Abuse-deterrent opioid formulations

Ronald S. Litman, Olivia H. Pagán, Theodore J. Cicero

Research output: Contribution to journalArticlepeer-review

31 Scopus citations

Abstract

Abuse-deterrent opioid formulations have been suggested as one way to decrease the abuse, addiction, and overdose of orally prescribed opioids. Ten oral opioid formulations have received abuse-deterrent labeling by the U.S. Food and Drug Administration (FDA). Their properties consist of physical and/or chemical means by which the pills resist manipulation and create a barrier to unintended administration, such as chewing, nasal snorting, smoking, and intravenous injection. In this review, we describe the mechanisms of abuse-deterrent technology, the types of premarketing studies required for FDA approval, the pharmacology of the currently approved abuse-deterrent opioid formulations, and the evidence for and against their influence on opioid abuse. We conclude that there is currently insufficient evidence to indicate that the availability of abuse-deterrent opioid formulations has altered the trajectory of opioid overdose and addiction; however, postmarketing studies are in their infancy, and novel deterrent formulations are continually being developed and submitted for marketing approval.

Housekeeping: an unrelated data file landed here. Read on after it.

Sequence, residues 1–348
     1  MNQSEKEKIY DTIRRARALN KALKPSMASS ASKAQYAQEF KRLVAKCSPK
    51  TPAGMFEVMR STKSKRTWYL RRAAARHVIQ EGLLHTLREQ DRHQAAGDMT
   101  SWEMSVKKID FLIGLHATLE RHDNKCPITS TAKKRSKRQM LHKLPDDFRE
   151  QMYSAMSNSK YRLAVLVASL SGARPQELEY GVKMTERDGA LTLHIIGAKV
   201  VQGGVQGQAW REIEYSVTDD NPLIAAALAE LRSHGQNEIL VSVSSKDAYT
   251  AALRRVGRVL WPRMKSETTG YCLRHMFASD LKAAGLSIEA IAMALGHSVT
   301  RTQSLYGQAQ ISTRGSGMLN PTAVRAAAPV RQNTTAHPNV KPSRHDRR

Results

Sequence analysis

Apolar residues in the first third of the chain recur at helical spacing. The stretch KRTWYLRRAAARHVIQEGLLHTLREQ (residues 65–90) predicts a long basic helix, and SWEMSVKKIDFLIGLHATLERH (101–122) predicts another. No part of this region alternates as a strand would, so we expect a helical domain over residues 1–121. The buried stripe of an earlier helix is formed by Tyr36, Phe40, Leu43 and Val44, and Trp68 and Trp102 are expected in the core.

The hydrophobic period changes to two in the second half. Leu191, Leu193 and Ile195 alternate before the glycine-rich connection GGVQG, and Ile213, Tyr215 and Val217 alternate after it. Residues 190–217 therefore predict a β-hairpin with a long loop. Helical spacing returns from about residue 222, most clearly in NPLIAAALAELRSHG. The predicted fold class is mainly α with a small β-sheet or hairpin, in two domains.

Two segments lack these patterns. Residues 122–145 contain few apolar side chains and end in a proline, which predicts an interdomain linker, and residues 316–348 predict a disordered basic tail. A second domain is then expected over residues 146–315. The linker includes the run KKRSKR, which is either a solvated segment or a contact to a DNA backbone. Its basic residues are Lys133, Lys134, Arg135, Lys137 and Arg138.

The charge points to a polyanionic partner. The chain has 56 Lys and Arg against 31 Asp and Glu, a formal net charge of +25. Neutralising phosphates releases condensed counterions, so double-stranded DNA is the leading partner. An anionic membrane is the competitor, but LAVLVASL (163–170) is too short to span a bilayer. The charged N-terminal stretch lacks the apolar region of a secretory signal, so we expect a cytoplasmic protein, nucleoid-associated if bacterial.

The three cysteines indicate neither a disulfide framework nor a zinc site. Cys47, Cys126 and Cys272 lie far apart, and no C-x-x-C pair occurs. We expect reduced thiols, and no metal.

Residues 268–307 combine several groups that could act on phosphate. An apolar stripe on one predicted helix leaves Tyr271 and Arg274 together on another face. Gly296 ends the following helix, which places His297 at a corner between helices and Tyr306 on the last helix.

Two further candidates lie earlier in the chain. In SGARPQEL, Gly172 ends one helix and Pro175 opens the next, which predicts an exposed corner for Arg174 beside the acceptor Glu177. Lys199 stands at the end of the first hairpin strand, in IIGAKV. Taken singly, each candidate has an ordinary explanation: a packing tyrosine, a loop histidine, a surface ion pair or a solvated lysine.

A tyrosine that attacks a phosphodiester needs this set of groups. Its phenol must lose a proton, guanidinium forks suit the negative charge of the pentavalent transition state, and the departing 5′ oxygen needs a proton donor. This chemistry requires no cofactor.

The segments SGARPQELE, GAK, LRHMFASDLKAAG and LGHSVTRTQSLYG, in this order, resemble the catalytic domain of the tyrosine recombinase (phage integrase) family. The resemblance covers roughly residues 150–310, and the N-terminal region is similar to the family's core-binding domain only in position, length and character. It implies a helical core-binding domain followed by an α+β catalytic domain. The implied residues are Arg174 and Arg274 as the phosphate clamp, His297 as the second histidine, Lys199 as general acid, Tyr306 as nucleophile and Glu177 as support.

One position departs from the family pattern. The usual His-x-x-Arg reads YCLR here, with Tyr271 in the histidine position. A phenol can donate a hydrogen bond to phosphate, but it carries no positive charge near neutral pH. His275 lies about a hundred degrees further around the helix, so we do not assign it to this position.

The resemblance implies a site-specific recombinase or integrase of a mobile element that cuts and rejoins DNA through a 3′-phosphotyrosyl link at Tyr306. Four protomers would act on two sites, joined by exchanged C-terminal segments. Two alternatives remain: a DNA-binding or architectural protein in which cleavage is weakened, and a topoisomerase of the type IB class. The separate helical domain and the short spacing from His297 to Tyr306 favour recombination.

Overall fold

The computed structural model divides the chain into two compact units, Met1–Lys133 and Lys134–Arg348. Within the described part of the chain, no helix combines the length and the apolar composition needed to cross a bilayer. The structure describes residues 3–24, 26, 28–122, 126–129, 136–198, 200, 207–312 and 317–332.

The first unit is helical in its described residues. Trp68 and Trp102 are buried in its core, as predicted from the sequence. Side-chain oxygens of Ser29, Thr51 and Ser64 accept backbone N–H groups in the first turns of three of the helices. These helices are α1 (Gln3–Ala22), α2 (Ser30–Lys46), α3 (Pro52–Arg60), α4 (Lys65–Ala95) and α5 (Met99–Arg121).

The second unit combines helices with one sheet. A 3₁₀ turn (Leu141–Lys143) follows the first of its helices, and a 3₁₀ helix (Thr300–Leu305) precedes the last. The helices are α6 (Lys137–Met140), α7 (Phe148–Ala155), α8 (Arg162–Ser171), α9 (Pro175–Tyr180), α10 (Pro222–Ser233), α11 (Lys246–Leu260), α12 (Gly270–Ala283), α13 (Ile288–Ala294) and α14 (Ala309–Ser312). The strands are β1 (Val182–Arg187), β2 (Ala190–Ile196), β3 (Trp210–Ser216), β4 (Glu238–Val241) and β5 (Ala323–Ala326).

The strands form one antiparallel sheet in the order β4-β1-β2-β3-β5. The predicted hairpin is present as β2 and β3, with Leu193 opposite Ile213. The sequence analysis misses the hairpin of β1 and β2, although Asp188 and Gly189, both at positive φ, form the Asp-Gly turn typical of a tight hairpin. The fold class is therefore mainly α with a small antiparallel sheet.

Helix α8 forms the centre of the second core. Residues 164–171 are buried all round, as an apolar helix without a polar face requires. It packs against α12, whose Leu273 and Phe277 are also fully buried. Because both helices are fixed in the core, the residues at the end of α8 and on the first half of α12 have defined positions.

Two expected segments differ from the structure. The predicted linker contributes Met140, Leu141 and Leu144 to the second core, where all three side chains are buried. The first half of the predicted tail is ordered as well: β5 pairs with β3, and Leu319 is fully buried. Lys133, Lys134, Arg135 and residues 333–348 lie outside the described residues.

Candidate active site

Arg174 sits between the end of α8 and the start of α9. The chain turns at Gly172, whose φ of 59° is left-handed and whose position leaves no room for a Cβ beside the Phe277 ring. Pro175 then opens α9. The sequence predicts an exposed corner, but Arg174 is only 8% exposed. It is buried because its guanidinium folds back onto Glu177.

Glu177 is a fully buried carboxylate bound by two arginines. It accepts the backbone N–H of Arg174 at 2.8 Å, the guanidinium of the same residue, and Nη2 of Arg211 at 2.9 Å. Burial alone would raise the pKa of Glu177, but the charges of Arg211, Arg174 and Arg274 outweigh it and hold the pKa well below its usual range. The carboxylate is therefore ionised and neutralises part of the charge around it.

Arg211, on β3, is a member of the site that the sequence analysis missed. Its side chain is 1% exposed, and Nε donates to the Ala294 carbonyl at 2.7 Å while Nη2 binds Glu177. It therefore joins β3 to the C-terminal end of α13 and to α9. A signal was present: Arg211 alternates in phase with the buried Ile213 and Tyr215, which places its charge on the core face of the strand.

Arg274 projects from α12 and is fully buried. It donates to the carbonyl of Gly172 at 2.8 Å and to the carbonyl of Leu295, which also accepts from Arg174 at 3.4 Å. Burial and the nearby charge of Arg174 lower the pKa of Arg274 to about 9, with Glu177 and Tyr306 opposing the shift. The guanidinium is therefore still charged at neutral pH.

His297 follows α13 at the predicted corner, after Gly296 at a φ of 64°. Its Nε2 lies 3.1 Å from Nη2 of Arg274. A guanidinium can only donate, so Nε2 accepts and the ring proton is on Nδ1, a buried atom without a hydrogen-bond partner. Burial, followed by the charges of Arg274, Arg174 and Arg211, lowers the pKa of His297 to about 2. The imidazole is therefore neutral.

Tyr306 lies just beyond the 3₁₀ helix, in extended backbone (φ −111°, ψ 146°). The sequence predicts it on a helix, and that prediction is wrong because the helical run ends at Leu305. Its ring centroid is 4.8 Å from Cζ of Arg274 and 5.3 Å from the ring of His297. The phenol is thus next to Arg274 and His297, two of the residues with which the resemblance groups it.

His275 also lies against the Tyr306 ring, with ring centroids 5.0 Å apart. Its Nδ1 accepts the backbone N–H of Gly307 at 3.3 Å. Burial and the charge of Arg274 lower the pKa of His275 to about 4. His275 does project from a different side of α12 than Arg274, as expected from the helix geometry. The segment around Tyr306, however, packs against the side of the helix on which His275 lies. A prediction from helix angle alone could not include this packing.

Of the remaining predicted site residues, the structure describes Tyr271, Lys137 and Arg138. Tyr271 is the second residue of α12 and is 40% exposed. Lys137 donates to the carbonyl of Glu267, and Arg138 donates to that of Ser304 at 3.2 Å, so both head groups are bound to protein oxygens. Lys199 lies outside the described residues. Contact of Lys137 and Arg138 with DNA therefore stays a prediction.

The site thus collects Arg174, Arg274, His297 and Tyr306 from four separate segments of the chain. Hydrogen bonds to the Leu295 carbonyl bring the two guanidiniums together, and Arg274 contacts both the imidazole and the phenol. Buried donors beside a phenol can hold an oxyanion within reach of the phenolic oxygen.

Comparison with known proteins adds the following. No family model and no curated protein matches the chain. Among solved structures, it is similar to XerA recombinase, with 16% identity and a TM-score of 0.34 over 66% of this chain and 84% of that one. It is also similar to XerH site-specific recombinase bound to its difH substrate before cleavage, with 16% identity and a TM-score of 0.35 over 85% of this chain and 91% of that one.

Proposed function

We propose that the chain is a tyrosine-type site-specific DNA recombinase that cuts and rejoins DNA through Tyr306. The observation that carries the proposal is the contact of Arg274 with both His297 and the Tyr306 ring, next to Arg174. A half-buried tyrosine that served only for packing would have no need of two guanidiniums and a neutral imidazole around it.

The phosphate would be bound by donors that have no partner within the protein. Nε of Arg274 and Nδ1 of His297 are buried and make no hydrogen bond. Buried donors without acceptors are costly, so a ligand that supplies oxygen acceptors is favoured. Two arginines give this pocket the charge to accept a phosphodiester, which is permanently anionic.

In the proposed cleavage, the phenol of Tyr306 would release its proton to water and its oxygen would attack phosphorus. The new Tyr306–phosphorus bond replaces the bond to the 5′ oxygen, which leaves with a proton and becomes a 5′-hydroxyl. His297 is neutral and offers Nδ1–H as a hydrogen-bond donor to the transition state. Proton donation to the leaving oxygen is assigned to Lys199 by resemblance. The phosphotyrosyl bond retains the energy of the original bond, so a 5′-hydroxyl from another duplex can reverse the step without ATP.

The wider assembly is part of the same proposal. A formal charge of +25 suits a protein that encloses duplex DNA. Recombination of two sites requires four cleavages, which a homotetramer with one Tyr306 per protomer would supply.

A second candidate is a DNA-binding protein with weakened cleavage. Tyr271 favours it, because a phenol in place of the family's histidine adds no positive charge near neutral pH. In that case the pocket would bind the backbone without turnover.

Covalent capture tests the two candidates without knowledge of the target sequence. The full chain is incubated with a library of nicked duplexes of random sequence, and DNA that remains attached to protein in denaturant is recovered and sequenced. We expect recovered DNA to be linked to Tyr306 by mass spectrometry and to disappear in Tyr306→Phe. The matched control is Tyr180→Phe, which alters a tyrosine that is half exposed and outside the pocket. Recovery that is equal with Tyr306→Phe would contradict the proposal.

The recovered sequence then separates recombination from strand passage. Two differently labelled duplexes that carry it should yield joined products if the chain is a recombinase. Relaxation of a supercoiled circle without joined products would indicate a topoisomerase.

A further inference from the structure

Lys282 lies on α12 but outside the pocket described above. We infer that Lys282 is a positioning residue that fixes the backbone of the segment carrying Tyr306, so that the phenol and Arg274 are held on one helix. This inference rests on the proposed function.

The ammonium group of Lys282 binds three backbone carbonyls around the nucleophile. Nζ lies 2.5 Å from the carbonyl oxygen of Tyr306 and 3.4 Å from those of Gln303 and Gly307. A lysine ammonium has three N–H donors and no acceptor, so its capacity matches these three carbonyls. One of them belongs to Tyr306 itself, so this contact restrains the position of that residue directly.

Original languageEnglish
Pages (from-to)1015-1026
Number of pages12
JournalAnesthesiology
Volume128
Issue number5
DOIs
StatePublished - Jan 1 2018

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